Mandorla or mennula: that is the question

La mennulara”, the debut novel by Simonetta Agnello Hornby (Feltrinelli 2002), tells the tale of a Sicilian almond picker. For a brief, but not too brief length of time around March, the soft Sicilian hills put on their robes of white and resound to the chants of the almond gatherers. Mennulare is the local word for this profession, stemming from the Italian for almond, mandorla.

For various socio-cultural reasons this annual ritual has almost disappeared, in large part thanks to agricultural mechanization, but also thanks to the waning numbers of almond trees. Until the 1960s, Italy was the leading almond producer in the world – in the world! Anyone visiting Italy in late winter or early spring, especially in the more southern areas, could not fail to see and smell the fragrant beauty of its blossom. My own eyes have been lucky enough to witness the almonds blooming in the Valley of the Temples near Agrigento, one warm Sicilian February. It was like a snapshot of paradise.

As the old, old almond trees at Agrigento prove, the almond is an extremely long-lived plant. Like many other fructifers, it belongs to the rose family, in the drupaceous subgroup. Indeed, it’s closely related to the peach, despite its smaller leaves and whiter blossom.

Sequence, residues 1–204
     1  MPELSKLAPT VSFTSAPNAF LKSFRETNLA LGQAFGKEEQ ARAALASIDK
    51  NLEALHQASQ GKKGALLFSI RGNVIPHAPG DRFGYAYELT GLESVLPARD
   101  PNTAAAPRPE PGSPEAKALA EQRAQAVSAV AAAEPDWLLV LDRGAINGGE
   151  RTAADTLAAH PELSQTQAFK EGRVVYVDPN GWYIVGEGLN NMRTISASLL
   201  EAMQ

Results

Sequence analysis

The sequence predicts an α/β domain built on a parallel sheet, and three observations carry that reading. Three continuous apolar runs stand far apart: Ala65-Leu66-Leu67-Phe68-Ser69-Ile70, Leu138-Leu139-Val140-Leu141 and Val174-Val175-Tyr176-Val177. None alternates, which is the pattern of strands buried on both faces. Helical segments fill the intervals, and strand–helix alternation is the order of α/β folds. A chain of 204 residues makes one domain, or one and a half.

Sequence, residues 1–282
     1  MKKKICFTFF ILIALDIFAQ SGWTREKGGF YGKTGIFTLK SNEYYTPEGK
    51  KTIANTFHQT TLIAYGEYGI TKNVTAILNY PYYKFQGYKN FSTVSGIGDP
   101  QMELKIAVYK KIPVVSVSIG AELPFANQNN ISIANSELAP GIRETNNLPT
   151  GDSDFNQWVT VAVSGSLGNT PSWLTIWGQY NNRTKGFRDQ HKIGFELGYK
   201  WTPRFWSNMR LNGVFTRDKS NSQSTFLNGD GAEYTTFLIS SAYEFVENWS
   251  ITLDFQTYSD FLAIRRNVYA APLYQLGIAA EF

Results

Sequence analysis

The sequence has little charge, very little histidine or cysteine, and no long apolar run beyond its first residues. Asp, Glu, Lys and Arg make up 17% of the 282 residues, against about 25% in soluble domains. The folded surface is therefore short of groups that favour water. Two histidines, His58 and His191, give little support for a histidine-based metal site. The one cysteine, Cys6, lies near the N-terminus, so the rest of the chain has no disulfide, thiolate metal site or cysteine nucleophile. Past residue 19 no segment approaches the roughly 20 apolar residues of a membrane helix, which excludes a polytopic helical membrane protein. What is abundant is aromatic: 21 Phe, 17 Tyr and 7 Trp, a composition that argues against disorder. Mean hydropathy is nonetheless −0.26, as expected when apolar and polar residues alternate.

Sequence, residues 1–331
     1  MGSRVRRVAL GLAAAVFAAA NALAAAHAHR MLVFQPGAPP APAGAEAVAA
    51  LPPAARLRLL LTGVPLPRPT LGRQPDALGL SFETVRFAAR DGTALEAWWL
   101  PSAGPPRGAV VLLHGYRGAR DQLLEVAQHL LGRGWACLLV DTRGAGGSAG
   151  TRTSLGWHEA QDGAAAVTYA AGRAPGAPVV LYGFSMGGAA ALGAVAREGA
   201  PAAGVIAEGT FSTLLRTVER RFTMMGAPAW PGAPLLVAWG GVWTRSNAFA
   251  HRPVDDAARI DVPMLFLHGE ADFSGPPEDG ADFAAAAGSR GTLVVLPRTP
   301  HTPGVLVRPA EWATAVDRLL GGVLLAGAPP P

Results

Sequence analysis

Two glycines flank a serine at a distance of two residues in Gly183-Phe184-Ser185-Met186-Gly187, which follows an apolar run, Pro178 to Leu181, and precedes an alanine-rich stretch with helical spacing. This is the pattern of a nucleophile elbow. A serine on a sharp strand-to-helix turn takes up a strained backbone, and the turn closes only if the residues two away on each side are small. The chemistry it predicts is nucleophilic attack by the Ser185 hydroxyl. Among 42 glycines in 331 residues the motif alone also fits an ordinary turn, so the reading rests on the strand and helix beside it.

It’s the seeds of the almond tree that we eat, that is, the almond itself, husk and all. It’s a plant that ticks all “diversity and inclusion” boxes: originating in Asia, it spread through Ancient Greece and Rome, and thence through all the Mediterranean, where it split into several different cultivars. And if you want to really understand how widespread almond farming really is, just have a look at how they’re used in cooking. After all, they pop up in bakeries more or less across the globe. To focus solely on the Old World, we could mention Lübeck marzipan in the same breath as Sienese ricciarelli and Sicilian frutta martorana: all mouth-watering sweets based on almond flour.

But almonds can be put to endless good use: almond flour, almond paste, dried almonds...but we shouldn’t forget how delicious they are straight off the tree, popped out of their outer shell and opened with an almond-cracker. And we haven’t even mentioned almond milk, or almond-flavoured ice cream. And I’m forgetting so many other things, without a doubt.

And like virtually all fruits, almonds do us a world of good. Rich in vitamins (especially B and E), they are also packed with Omega 3 fatty acids and mineral salts.

So, there’s nothing left to say, except let’s enjoy these days when the almonds are blooming and sweetening the air. Let’s drink deep of their perfumes, and savour their fruits on the tongue.


"My roots taste of powder, of dust,
of almonds in blossom,
of well-tended gardens."

[Alda Merini]